Figure 4: In-die variation accounts for differences between the drawn width of a shape and the actual size of the shape as manufactured.

4. Port-to-port resistance
Most rule-based engines model interconnect resistance in a single dimension. This approach enables port-to-port resistance calculation even when the port is defined by specific (x, y) coordinates in the layout, without having to worry about a current-spreading effect around these specific (x, y) coordinates on the interconnect. However, resistance calculations in field solvers are very much affected by current spreading, so when performing field solver PEX, regular ports must be replaced by region-based ports that are considered as infinite sources of charges regularly distributed along the interconnect width (Figure 5).

Figure 5: Pin ports must be replaced by region ports in field solver PEX to ensure accurate comparisons of port-to-port resistance.

5. Multiple layers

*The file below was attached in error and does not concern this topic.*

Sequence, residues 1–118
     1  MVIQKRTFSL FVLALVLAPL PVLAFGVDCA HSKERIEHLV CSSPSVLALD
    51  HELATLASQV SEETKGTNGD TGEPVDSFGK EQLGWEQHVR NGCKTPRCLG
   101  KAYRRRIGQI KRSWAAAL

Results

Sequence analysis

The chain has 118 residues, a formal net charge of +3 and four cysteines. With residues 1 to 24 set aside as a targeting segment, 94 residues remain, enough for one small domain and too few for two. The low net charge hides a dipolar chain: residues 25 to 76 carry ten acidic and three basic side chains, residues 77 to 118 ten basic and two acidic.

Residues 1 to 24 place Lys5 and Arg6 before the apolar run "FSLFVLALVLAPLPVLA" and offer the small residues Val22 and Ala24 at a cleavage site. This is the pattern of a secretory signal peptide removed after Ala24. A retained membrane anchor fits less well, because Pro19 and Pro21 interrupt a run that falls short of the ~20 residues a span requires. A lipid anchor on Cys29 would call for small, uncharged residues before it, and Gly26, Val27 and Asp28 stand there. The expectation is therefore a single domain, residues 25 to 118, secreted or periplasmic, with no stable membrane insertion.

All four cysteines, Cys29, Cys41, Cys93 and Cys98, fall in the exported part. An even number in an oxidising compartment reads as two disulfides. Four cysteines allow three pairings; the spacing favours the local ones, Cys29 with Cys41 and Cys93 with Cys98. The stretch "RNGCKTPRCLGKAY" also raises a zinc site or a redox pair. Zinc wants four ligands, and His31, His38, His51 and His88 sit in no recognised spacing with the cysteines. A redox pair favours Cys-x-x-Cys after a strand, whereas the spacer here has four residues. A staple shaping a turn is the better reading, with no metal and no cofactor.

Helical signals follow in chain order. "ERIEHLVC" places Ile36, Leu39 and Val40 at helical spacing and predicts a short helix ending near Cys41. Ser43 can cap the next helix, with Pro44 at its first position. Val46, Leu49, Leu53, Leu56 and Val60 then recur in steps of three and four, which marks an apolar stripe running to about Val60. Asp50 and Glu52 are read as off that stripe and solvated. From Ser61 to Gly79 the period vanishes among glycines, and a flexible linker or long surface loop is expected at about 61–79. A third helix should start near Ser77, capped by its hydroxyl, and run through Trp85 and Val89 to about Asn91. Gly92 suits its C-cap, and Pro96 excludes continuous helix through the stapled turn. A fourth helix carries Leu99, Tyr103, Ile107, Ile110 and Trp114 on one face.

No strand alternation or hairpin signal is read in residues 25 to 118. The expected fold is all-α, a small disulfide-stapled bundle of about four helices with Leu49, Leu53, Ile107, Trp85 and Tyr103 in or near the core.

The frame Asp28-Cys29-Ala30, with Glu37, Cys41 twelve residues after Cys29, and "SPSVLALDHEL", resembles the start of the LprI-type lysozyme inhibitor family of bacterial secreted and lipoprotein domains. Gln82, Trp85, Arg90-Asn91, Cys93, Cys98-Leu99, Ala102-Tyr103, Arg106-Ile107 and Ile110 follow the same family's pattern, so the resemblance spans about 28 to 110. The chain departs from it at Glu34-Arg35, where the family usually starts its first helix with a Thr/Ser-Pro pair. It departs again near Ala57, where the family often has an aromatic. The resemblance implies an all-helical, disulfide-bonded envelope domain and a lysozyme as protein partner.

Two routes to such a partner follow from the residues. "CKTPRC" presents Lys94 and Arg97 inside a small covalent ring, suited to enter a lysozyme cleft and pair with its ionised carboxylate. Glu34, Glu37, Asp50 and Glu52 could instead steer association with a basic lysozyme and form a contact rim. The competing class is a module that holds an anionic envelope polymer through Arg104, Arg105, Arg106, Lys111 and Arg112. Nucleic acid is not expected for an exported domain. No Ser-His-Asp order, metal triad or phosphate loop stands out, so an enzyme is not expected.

Multiple layers in the same physical location can cause inconsistency between rule-based and field solver PEX results. Rule-based engines usually calculate capacitance and resistance using pre-defined equations, even when they correspond to the same physical layer. If multiple layers correspond to the same physical layer, and none of them are ignored, this can cause double counting for rule-based results. A field solver can natively identify such duplicate geometries and treat them as one shape. Because this inconsistency can be caused by an incorrect setup for the rule-based PEX, it is essential to check the rule-based setup to ensure this double counting is eliminated.

Correlating a rule-based PEX engine against field solver PEX results is an important and critical process. Foundries and EDA vendors must ensure that the PEX rule decks they deliver will provide accurate extraction results when used in verification flows. Design companies need to ensure that moving to a new process node or implementing a new design does not affect the accuracy of their rule-based PEX tool. When correlating your rule-based and field solver PEX results, it may take multiple iterations to ensure the two extraction flows are performing extraction in a compatible manner. However, this validation process is essential if you want an accurate comparison of results. By being aware of these five issues, engineers and designers can modify the setup and use of both PEX processes to ensure the results can be fairly and accurately compared.

For more information, read our whitepaper “Validating rule-based parasitic extraction against a field solver solution.”